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“…The control of growth hormone secretion is complex: it has been suggested that adrenergic mechanisms participate as well as dopaminergic and serotoninergic mechanisms (Imura & Kato, 1974) but the present findings lend no support to this.…”
Section: Discussioncontrasting
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“…The control of growth hormone secretion is complex: it has been suggested that adrenergic mechanisms participate as well as dopaminergic and serotoninergic mechanisms (Imura & Kato, 1974) but the present findings lend no support to this.…”
Section: Discussioncontrasting
“…We have previously reported that oxprenolol did not alter prolactin levels in patients with essential hypertension (Lewis et al, 1979) but only single samples at clinic attendances were measured in that study. Little has been known of the role of beta adrenoceptors in controlling prolactin secretion, though isoprenaline infusion has been reported to increase prolactin levels (Imura & Kato, 1974). Chronic treatment of rats with propranolol can result in increased brain levels of dopamine (Morinan & Leonard, 1977) which in turn could reduce prolactin secretion (del Pozo & Fluckiger, 1973), and some B-adrenoceptor blockers affect 5-hydroxytryptamine receptors which might influence prolactin secretion through this possible relationship remains unresolved (Frantz, 1979).…”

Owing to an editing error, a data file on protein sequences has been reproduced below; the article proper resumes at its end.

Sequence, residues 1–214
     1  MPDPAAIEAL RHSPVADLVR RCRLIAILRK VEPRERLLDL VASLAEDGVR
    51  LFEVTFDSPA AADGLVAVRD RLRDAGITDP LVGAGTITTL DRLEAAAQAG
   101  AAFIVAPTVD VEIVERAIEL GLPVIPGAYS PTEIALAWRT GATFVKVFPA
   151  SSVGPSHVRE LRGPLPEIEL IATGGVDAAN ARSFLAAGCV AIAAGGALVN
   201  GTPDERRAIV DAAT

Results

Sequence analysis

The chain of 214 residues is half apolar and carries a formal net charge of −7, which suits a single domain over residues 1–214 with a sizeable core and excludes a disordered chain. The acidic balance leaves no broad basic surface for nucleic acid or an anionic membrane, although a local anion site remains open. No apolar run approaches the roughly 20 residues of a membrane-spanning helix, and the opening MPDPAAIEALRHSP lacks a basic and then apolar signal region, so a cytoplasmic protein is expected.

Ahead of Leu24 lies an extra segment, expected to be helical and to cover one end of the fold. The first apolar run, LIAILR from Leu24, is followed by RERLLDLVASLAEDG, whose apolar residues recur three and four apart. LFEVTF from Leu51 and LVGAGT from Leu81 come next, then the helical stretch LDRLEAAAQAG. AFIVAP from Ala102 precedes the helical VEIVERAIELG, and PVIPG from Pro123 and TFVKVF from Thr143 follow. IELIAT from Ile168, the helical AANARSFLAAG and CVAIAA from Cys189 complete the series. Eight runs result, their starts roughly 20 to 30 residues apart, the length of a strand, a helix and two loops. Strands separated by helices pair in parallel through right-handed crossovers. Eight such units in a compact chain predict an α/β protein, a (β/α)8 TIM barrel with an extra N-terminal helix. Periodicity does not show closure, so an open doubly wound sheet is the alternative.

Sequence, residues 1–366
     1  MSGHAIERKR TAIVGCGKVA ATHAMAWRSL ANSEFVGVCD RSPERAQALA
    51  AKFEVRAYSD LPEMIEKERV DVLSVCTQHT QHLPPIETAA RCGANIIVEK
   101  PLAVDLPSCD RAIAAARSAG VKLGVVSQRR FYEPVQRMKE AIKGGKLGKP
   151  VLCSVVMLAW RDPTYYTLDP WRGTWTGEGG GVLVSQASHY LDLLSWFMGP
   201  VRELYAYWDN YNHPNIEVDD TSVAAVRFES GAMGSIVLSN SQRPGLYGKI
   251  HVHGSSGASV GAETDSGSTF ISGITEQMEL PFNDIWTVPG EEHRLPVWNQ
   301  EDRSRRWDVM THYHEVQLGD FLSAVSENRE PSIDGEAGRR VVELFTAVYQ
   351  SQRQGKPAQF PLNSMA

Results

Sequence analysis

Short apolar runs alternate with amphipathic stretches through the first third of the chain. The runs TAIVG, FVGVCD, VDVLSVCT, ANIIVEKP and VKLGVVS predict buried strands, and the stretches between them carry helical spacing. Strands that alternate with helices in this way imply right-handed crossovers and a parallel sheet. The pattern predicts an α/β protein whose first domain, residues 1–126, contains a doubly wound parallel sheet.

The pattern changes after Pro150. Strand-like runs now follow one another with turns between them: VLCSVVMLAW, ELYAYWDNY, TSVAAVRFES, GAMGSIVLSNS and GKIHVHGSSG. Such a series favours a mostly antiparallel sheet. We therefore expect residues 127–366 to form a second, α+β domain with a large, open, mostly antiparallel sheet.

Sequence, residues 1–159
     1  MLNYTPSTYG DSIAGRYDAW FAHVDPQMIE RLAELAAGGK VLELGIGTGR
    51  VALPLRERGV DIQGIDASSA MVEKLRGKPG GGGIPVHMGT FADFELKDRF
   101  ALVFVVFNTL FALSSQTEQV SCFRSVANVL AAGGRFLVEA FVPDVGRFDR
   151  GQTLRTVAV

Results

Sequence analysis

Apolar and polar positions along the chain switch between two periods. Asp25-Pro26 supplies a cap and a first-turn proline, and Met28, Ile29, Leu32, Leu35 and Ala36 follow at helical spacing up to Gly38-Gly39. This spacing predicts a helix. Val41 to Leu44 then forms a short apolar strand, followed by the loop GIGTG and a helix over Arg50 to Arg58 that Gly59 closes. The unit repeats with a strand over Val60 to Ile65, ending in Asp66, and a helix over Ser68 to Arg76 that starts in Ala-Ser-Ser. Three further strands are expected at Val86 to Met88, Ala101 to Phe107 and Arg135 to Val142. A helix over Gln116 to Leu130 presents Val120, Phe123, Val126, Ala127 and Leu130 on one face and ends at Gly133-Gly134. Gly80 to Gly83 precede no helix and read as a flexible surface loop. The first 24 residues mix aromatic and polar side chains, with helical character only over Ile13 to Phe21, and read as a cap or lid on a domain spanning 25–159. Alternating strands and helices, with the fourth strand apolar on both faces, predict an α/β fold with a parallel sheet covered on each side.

Section: Discussionmentioning
“…Brain monoamines, such as norepinephrine, dopamine and serotonin, play an important role in regulating GH se cretion [9,12,19,22] and depletion of these brain amines by reserpine or inhibition of the synthesis of catecholamines by a-methyl-p-tyrosine (a-MPT) reportedly inhibit episodic GH secretion [5,6] in conscious rats. Spontaneous GH bursts are also inhibited by DDC [23], a dopamine-P-hydroxylase inhibitor.…”
Section: Discussionmentioning
“…Intraventricular administration of P-endorphin (5 pg/rat) also in creased the plasma GH levels which were lowered by phenoxybenzamine. These findings suggest that a-adrenergic me chanisms are involved in GH release induced by opioid peptides in the rat.Although there is accumulating evidence that both brain amines and small peptides present in the central nervous system influence the secretion of growth hormone (GH) [9,12,19,22], nevertheless, the relationship between biogenic amines and neuropeptides is poorly understood.Morphine stimulates GH release in the rat, possibly by acting through opiate receptors in the central nervous sys tem [18,21]. Identification of neuropeptides with opiate like activity led to the observations that opioid peptides such as P-endorphin, a-endorphin and Met5-enkephalin, stimulate GH secretion in the rat [4,13,24], We previously reported that GH secretion is stimulated also by FK 33-824, a potent Met5-enkephalin analog [25], given intravenously or intraventricularly into the anesthetized rat [14,15].…”
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